This review was first published in Resource Links Magazine, “Canada’s national journal devoted to the review and evaluation of Canadian English and French resources for children and young adults.” It appears in volume 18.2.
What Happened to Ivy
In 2000, Terry Trueman published Stuck in Neutral, written from the perspective of a teenaged boy suffering from cerebral palsy so badly that he cannot communicate at all. The novel is brilliant, causing the reader to really think about what it must be like, to be an intelligence locked in a body with no controllable outward responses. In the final scene, Shawn is about to enter a fit, unsure of whether or not his father is—at that very moment—intending to “put him out of his misery.” Kathy Stinson’s What Happened to Ivy tells a similar story, from a different perspective, and is, I think, more successful for that. While Stuck in Neutral shows the internal perspective of the cerebral palsy sufferer, What Happened to Ivy tells the equally troubling tale of Ivy’s brother, David, and the father who might or might not have been instrumental in his daughter’s death.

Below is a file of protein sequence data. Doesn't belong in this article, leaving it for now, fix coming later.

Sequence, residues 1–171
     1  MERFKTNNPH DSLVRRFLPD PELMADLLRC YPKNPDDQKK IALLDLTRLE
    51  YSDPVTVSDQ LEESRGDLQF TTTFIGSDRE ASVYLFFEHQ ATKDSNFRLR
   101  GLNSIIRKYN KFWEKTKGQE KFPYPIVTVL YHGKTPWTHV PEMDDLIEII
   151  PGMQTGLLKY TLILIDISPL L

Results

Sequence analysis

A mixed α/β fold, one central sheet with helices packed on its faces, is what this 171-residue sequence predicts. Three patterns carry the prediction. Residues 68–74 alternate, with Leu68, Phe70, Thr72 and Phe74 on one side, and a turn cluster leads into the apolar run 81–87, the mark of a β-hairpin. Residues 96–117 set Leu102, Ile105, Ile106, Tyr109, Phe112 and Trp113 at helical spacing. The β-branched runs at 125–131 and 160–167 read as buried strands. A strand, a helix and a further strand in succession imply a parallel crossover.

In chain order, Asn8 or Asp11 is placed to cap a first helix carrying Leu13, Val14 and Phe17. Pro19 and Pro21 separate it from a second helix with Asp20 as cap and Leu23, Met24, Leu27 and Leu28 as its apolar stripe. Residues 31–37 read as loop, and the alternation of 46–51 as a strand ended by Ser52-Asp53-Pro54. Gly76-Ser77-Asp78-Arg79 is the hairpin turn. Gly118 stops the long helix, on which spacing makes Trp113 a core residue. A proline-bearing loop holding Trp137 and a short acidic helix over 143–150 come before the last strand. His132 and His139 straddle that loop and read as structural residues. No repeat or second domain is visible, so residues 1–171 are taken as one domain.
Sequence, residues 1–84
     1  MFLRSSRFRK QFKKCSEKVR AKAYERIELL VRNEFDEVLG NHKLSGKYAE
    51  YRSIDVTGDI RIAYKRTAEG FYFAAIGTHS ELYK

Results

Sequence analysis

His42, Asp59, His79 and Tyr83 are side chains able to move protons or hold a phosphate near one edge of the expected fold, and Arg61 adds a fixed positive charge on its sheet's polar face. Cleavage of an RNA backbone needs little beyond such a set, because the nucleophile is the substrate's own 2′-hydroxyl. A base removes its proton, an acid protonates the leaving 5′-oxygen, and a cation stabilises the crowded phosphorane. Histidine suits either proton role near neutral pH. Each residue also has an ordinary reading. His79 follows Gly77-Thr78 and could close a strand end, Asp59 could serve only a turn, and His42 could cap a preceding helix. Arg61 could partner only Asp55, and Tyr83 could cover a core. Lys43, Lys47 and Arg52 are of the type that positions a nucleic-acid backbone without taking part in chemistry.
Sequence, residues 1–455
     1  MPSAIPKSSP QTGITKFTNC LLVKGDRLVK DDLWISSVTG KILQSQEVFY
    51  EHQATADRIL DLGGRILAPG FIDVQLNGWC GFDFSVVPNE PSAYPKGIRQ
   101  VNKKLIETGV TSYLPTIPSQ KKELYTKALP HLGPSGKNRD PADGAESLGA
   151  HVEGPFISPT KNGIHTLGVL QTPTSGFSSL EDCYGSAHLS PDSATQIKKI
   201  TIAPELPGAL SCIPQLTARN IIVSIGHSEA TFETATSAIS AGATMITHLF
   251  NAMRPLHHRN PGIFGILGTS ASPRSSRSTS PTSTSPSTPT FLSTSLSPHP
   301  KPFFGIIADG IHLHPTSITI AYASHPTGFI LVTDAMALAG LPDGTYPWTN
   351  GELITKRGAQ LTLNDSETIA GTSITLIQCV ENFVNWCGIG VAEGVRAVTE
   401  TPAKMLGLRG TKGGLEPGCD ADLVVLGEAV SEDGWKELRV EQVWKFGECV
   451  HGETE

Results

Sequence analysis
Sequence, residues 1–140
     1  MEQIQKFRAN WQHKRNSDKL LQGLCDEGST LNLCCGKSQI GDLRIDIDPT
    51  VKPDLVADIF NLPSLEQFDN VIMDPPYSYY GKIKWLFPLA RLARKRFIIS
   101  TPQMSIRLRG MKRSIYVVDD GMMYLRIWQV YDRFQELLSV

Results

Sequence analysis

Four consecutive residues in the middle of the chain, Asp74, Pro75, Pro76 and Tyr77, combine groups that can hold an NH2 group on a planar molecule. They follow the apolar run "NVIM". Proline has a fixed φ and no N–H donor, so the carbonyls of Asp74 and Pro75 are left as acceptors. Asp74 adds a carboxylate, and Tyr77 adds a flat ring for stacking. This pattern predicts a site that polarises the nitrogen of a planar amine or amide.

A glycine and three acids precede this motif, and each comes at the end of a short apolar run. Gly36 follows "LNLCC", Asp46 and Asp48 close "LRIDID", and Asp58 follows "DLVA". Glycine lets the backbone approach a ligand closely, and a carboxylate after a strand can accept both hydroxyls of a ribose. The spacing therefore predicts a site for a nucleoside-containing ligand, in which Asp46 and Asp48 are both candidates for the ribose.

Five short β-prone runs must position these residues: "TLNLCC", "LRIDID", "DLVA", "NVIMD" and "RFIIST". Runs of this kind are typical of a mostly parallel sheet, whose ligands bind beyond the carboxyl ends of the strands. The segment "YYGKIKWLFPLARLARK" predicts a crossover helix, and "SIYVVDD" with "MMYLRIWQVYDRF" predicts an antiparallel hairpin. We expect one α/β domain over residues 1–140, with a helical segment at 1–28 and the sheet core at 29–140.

David both loves and resents Ivy. He feels that his parents focus entirely on her, ignoring the things in his life that matter, the things most teenaged boys can share with their parents and siblings. David, like his parents, is little more than a caregiver for the severely disabled Ivy; nonetheless, the three of them love her dearly, and work unceasingly to ensure her comfort and safety. Holidaying at their cabin, while David is walking with his new girlfriend and their mother is napping, Ivy has a seizure in the water and drowns. David is understandably traumatized by the combination of guilt and relief he feels, and this is what gives the novel its power. Reading David’s story, I felt so strongly that he really needed to talk to someone his own age, who would listen and understand and give sage advice; then it occurred to me that very few people his age would have any sage advice to give: his situation was relatively unique, although survivor’s guilt itself is not. That is a role that Stinson’s book can perform admirably. There are very few books out there that can be successfully bibliotherapeutic in the strictest sense of the term, but this I think is one. David struggles both with his own guilt and with his resentment of his father, who admits in his distress that he let Ivy go as she struggled in the water during her fit. David himself points out the philosophical difference between killing and letting die, but that is not enough to heal his own wounds. In the end, as in Stuck in Neutral, we are left not knowing what the criminal and social ramifications of the situation Stinson constructs will be, but we are given ample evidence of the possibilities. We also know the direction that David’s thoughts have taken, and we see him move towards self-healing, the final step in the bibliotherapeutic process. We watch as his family’s tenuous balance and security is wrenched apart, and we watch as his mother and father and girlfriend, Hannah, help him to slowly weave together his own revised pattern for his life. When he admits the most profound source of his own guilt to Hannah, she thoughtfully remarks, “You’re human, David” (139). Simple, honest, and non-judgmental, her comment solidifies the healing process David has begun. In the penultimate scene, David is finally able to extend that healing to his suffering father. While the practicalities are not resolved, David’s own inner turmoil has been calmed, his emotional energy directed away from his own grieving towards that of his parents. He has grown into an emotional maturity that we know will help him to survive whatever happens next.